Latest information on COVID-19
Support teaching, research, and patient care.
The focus of my career has been on research, teaching, and clinical service in the area of psychotherapy approaches for treating suicidal behavior in adolescents, with some additional work on suicidal adults. I have been dedicated to the “scientist-practitioner” model, in which my research and clinical work reciprocally inform and enhance each other. I have been fortunate to have obtained a significant amount of both research and clinical experience with suicidal behavior, an understudied area in which relatively few people receive specialized training. Despite the fact that suicide is the third leading cause of death among 10-14 year-olds and the second leading cause of death among 15-24 year-olds (CDC, 2015), there is surprisingly little research on effective psychosocial treatments for these youth. It is my mission to continue to contribute to the research literature in this area, as well as to provide high quality, empirically informed training in suicide assessment and treatment to therapists in training and to mental health professionals in the community. Treating suicidal behavior is one of the most difficult challenges faced by clinicians and the loss of a young person by suicide is a devastating outcome. My goals for my research, teaching, and clinical service are to: a) have a broad impact on the field in terms of developing empirically-supported interventions for adolescent suicide attempters, b) disseminate these interventions into the community, c) increase the quality of service provided to suicidal patients by the mental health professionals I have trained (and indirectly, as those I have trained go on to train others), and ultimately, d) prevent adolescent suicide and suicide attempts.
The focus of my research is on adolescent suicidal and self-harm behavior. I am currently one of four Principal Investigators of a multisite NIMH-sponsored RCT of DBT for adolescents at high risk for suicide (NCT01528020: Collaborative Adolescent Research on Emotions and Suicide [CARES], PI: Linehan, McCauley, Berk, & Asarnow) aimed at evaluating the efficacy of DBT with adolescents compared to a combined individual and group supportive therapy control condition (IGST).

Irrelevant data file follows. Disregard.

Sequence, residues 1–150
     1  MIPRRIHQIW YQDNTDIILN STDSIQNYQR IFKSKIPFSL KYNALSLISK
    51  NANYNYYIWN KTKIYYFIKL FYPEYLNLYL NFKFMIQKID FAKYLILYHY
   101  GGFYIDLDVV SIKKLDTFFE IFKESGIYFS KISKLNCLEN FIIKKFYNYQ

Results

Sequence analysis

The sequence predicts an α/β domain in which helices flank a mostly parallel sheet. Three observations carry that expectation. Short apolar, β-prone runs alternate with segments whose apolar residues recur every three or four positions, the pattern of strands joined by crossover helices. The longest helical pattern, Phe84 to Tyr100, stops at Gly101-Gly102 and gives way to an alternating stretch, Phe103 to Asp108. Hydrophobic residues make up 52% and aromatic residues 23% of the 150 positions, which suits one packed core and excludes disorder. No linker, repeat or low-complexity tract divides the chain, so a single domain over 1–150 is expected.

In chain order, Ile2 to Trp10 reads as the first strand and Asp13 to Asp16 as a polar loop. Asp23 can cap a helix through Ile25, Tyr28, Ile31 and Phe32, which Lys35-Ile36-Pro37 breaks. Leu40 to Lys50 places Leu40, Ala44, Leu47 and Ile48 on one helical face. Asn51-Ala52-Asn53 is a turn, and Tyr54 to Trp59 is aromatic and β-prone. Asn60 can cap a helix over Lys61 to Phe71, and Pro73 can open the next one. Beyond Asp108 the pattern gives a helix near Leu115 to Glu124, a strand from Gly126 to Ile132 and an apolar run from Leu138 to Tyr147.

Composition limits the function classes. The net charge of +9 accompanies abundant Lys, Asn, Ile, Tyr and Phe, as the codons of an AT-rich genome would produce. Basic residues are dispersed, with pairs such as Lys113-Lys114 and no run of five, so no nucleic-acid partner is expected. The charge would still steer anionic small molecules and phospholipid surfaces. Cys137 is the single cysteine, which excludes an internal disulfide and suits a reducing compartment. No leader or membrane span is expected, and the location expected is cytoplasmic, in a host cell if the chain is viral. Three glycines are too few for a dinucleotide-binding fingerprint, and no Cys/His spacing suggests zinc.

Collaborative Adolescent Research on Emotions and Suicide
Suicide is the third leading cause of death among adolescents in the US yet there is a
paucity of research on effective treatments for this population. The primary aim of the
research described in this application is to evaluate the efficacy of dialectical behavior
therapy (DBT) for suicidal adolescents. DBT has an empirical track record with suicidal
adults of reducing the incidence, frequency and medical risk of suicide attempts and
non-suicidal self-injuries among individuals meeting criteria for borderline personality
disorder (BPD). While DBT is widely used in the community with suicidal adolescents,
particularly those with difficulties characteristic of BPD such as poor emotion regulation
and impulse control, no randomized trial of DBT with suicidal adolescents has ever been
conducted. And, while non-randomized trials indicate that the intervention is both safe and
effective, without a randomized trial the investigators simply do not know whether DBT for
suicidal adolescents is efficacious or not. Given the severity of the problem and the lack of
alternative treatments for high risk adolescents, addressing this question is of great
importance. The second aim of the research is to analyze mediators of reduced suicidal and
self-injurious behaviors in adolescents. 170 adolescents at two sites (Seattle and Los
Angeles) will be randomized to DBT or Individual and Supportive Group Therapy (IGST). Both
treatments include 6 months of individual and group treatment and adolescents and a parent
complete 5 assessments over a 1-year period.
Stanford is currently not accepting patients for this trial.
For more information, please contact Spectrum Child Health, 650-724-1175.
View full details